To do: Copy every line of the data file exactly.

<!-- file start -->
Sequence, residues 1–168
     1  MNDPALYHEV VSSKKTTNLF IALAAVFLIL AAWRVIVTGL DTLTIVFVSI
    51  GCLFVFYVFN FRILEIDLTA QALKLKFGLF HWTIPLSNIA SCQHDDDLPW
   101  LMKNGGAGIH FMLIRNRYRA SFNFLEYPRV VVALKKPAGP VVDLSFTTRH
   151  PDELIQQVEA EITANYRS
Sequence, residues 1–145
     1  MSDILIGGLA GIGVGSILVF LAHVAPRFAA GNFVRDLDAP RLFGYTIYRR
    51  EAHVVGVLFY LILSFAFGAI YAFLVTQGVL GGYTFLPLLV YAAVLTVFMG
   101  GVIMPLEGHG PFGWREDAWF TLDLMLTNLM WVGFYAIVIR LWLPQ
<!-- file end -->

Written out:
Sequence, residues 1–168
     1  MNDPALYHEV VSSKKTTNLF IALAAVFLIL AAWRVIVTGL DTLTIVFVSI
    51  GCLFVFYVFN FRILEIDLTA QALKLKFGLF HWTIPLSNIA SCQHDDDLPW
   101  LMKNGGAGIH FMLIRNRYRA SFNFLEYPRV VVALKKPAGP VVDLSFTTRH
   151  PDELIQQVEA EITANYRS
Sequence, residues 1–145
     1  MSDILIGGLA GIGVGSILVF LAHVAPRFAA GNFVRDLDAP RLFGYTIYRR
    51  EAHVVGVLFY LILSFAFGAI YAFLVTQGVL GGYTFLPLLV YAAVLTVFMG
   101  GVIMPLEGHG PFGWREDAWF TLDLMLTNLM WVGFYAIVIR LWLPQ